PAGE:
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An Evening With 'The Arch'

10/12/2013 14:03 GMT | Updated 08/02/2014 10:59 GMT

As memorable evenings go, spending last night in the presence of Archbishop Desmond Tutu discussing his friendship with Nelson Mandela, is not one to forget in a hurry. I sat there thinking "self, when it's your time to depart, these will be some of the moments that flash before your eyes."

Affectionately introduced as "The Arch", "Bish" and "Des" by an array of South African intellectuals to an audience including Peter Gabriel and Mary Robinson, the great man appeared on stage to a standing ovation at the Nelson Mandela Foundation Tribute in Houghton. "I thought it was only Americans that gave a standing ovation?" he said, bringing the house down, before addressing the marquee filled with his "beautiful people", a section of the rainbow nation that had come to pay their respects to his dear friend Madiba.

"I have reached the age where you start to repeat yourself, and quite often to the person that told you the thing in the first place" he apologised, before leading us through a witty and beguiling stream of consciousness. He referenced a story where a lady in San Francisco had rushed over to greet him as "Archbishop Mandela", and explained how this had left him satisfied that he had provided her with two Laureates for the price of one. He then had us roaring with laughter as he explained how it was terribly intimidating to have your wife staring at you from the front row and how he had better buy her a nice dress, the atmosphere once again illustrating that South Africa is finding joyful interludes, humour and celebration at a sad time along with a determination to celebrate Mandela's life rather than to dwell on his loss.

But witticisms aside, it was the moments of eloquent honesty with the Archbishop's soaring rhetoric triumphant in the fall of the vicious apartheid system and the freedom won for all South Africans, that touched the most. Stories of how Madiba had born his crucible of suffering on Robben Island, performing harsh manual labour and sewing post office bags, and the effects these had subsequently had on his eye sight and lungs, that awed in contrast with the future President's refusal to think of hatred and revenge upon release. The Archbishop spoke of Mandela as an icon of forgiveness, and explained that the magnanimity found in the sufferers of atrocities under the apartheid regime was what achieved the very thing the world had thought impossible: peace in South Africa.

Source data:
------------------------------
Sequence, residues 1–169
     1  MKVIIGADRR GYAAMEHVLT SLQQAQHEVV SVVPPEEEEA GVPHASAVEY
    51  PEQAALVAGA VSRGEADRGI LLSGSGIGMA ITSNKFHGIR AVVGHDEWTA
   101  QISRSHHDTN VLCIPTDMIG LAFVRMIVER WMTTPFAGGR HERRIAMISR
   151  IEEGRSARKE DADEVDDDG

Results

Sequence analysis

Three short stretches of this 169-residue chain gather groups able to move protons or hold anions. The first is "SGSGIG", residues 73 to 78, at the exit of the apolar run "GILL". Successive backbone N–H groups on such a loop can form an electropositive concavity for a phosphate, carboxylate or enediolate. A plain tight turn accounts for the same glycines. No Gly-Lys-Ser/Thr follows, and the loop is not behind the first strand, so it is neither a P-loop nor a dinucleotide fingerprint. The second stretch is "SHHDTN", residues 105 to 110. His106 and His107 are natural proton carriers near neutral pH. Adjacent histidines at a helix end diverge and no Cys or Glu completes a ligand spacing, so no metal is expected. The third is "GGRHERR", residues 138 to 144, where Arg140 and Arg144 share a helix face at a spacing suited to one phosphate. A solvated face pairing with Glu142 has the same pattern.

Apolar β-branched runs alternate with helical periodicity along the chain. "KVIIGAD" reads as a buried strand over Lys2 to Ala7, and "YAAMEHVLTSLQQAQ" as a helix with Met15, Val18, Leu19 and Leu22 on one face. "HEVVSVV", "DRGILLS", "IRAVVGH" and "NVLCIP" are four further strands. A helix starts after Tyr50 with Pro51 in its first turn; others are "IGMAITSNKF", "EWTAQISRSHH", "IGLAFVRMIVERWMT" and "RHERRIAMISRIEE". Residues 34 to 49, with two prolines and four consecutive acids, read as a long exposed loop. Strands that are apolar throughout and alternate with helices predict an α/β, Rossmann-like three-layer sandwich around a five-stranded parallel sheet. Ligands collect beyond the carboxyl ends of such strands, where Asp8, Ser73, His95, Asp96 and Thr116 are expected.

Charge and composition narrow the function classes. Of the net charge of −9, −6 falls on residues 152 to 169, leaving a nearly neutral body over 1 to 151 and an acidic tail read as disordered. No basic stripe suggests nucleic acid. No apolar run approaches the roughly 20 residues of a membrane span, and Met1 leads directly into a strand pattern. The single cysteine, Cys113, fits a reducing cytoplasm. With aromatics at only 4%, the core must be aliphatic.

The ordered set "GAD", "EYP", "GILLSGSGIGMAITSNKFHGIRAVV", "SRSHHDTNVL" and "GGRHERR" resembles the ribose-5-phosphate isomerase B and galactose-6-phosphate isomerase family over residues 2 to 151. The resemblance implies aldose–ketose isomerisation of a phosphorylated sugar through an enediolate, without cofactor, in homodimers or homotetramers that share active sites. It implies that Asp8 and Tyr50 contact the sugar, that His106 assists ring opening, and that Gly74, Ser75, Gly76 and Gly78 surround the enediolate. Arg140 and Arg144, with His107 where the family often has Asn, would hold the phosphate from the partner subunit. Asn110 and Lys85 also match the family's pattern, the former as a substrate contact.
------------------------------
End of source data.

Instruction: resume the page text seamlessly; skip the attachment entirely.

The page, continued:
He went on to describe Mandela as a magician with a wand that had transformed the world's pariah state into a beautiful butterfly. Rolling his 'R's and reaching for the sky, the Archbishop told a poignant story of how Mandela had stayed with him the first night after his release from 27 years in prison and the following day had insisted that he meet all the domestic staff to thank them. He went on to say that this became a Mandela 'trait', always wanting to go into the kitchens and thank the staff wherever he went, because, as the Archbishop put it, it was Mandela's way of saying that although not everyone is a VIP, we are all 'VSP', or Very Special People.

When George Bizos, Mandela's lawyer at the Rivonia trial, walked on stage to offer his reflections on the trial, in crept the sensation that we were watching extraordinary moments once more in Johannesburg. If there is a more indefatigable city in the world I do not know it, bursting forth from apartheid with such astonishing exuberance, that you can feel its determination to forge a new identity as Africa's leading city every day.

Stood with his chin gently tilted, George Bizos praised both Mandela and the Archbishop for their courage and their example to all. To those present it was apparent that stagnant, violent times had produced some extraordinary lilies, as well as philosophical thought on what it means to live a human life with dignity.

As the Soweto Gospel Choir came on stage to sing and we watched the 82 year old Archbishop and his wife get up to dance in the audience, it seemed to send a message that the men and women of the apartheid struggle would continue with soul, integrity and an energetic moral compass, and that they would proudly do this right until the very end.